Less Displacement, More Torque
To power the new WRX, Subaru plucked a unit from its latest FA20 family of engines. The WRX’s new FA20 Direct Injection Turbo (DIT) engine features a Subaru-designed direct injection system and intercooled boost pressure by way of a twin-scroll Garrett MGT22 journal bearing turbocharger positioned just below the crankshaft. The Active Valve Control System (AVCS) on both the intake and exhaust cams now operates over a wider range, and the valvetrain features roller rockers.
Thanks in part to its direct injection fuel delivery system, the output and efficiency are both increased by the FA20. Despite its smaller, two-liter displacement, it produces three additional horsepower and 14lb-ft of additional torque at 15.9psi boost pressure, outperforming the retiring 2.5-liter EJ255.
According to Subaru, the new FA20 gets an estimated 21 city/28 highway fuel efficiency, while the EJ255 was estimated at 17 city/23 highway.
In addition to upgrading the powerplant of the WRX, Subaru developed new driveline options as well. For the first time, a six-speed manual is now standard equipment for the WRX, while an optional, Sport Lineartronic Continuously Variable Transmission with Si Drive performance management is now available. Both of these drivelines benefit from Subaru’s new Active Torque Vectoring (ATV) technology.
Active Torque Vectoring
[pullquote]ATV HELPS TO IMPROVE HANDLING BY ADDING… TORQUE TO THE OUTER FRONT (TIRE) FOR IMPROVED TURN-IN[/pullquote]What is Active Torque Vectoring (ATV)? ATV helps to improve handling by adding braking force to the inner front tire and adding torque to outer front for improved turn-in and reduced understeer. ATV works in conjunction with the Vehicle Dynamic Control (VDC, aka traction control) system.
In the WRX, the VDC has three different modes: on, off and traction mode. On activates both VDC and ATV, while off deactivates both. The traction mode, which deactivates the VDC but retains the full function of the ATV, is ideal for the road course or racetrack.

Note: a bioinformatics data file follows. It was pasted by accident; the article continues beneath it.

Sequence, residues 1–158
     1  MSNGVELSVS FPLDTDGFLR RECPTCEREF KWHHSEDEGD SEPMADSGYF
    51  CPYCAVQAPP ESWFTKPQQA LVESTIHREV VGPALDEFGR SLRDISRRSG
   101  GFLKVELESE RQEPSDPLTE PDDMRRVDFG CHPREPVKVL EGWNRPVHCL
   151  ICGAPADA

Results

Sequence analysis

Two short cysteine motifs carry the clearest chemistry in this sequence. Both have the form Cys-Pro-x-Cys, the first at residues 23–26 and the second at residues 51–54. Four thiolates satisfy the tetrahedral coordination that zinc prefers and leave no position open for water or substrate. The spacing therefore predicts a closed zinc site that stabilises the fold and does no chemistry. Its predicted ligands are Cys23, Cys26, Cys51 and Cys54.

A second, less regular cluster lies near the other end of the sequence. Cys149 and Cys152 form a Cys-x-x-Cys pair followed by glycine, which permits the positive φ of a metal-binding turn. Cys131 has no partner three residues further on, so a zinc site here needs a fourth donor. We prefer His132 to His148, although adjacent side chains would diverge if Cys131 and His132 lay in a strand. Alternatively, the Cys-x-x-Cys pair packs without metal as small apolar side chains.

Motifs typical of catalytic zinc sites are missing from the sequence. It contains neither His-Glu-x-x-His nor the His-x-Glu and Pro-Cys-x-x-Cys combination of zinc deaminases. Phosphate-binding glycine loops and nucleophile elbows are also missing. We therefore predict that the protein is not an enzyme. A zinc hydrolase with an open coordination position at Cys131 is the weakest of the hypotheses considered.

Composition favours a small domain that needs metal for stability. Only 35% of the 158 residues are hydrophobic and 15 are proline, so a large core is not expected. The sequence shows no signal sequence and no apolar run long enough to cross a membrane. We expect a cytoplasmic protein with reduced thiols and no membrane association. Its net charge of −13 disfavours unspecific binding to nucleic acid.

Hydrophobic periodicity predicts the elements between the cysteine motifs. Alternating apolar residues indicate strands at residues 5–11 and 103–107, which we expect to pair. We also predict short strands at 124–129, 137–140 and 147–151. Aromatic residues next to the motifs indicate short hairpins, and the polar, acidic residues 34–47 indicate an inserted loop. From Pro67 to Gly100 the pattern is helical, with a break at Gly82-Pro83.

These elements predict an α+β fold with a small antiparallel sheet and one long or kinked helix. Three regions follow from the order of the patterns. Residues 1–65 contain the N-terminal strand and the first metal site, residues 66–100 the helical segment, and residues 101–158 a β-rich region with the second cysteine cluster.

Six and a Stick
The new six-speed manual transmission features a cable-linkage system to connect the driver to the gears. The first five gears are more closely spaced, while the sixth gear is more of an overdrive gear to provide improved fuel efficiency while cruising. First and second gears feature carbon synchros for durability and smooth shifting.
The manual transmission benefits from Subaru’s Continuous All-Wheel Drive system with a viscous-coupling, locking center differential. This mechanical system features a nominal 50:50 split, but will automatically send more torque to the wheels with the best traction.
CVT, but Better
The Sport Lineartronic Continuously Variable Transmission (CVT) is based on the Forester’s automatic CVT unit. However, the WRX version comes tuned for sport driving. The Sport Lineartronic transmission is adaptive and adjusts with your driving style for both performance and for efficiency. The SI-Drive performance management offers three different modes: I, S, S# (# = sharp.) In the “I” mode, the CVT aims for efficiency. In the “S” mode, the transmission functions as a six-speed automatic. In the “S sharp” mode, the transmission becomes an eight-speed close-ratio transmission. Throttle response is sharpened with each heightened mode, and regardless of what mode you are in, you can activate the Launch Mode. The automatic transmission relies on Subaru’s Variable Torque Distribution (VTD) all-wheel-drive system to distribute torque to the wheels. A planetary gear-type center differential with an electronically-controlled hydraulic transfer clutch splits torque front to rear at a nominal 45:55 ratio.